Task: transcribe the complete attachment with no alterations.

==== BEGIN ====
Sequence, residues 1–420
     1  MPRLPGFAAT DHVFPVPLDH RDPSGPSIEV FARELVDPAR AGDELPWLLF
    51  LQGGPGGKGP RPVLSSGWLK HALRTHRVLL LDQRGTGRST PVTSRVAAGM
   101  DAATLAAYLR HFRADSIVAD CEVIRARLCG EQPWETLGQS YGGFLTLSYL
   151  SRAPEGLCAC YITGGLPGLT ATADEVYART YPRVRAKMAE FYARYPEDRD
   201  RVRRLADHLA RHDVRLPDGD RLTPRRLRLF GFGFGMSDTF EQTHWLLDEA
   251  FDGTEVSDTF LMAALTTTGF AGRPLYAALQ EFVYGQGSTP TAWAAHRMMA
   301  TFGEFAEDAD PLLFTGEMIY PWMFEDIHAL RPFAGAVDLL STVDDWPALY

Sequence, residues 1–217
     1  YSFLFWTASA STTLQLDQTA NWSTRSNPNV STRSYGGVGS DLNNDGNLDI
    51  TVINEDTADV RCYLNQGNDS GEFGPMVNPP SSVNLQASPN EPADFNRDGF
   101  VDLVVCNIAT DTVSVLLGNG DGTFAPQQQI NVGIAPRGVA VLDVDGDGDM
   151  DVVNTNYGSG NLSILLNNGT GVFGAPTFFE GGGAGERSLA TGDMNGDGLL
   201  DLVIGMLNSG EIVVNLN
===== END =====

Sequence, residues 1–420
     1  MPRLPGFAAT DHVFPVPLDH RDPSGPSIEV FARELVDPAR AGDELPWLLF
    51  LQGGPGGKGP RPVLSSGWLK HALRTHRVLL LDQRGTGRST PVTSRVAAGM
   101  DAATLAAYLR HFRADSIVAD CEVIRARLCG EQPWETLGQS YGGFLTLSYL
   151  SRAPEGLCAC YITGGLPGLT ATADEVYART YPRVRAKMAE FYARYPEDRD
   201  RVRRLADHLA RHDVRLPDGD RLTPRRLRLF GFGFGMSDTF EQTHWLLDEA
   251  FDGTEVSDTF LMAALTTTGF AGRPLYAALQ EFVYGQGSTP TAWAAHRMMA
   301  TFGEFAEDAD PLLFTGEMIY PWMFEDIHAL RPFAGAVDLL STVDDWPALY

Sequence, residues 1–217
     1  YSFLFWTASA STTLQLDQTA NWSTRSNPNV STRSYGGVGS DLNNDGNLDI
    51  TVINEDTADV RCYLNQGNDS GEFGPMVNPP SSVNLQASPN EPADFNRDGF
   101  VDLVVCNIAT DTVSVLLGNG DGTFAPQQQI NVGIAPRGVA VLDVDGDGDM
   151  DVVNTNYGSG NLSILLNNGT GVFGAPTFFE GGGAGERSLA TGDMNGDGLL
   201  DLVIGMLNSG EIVVNLN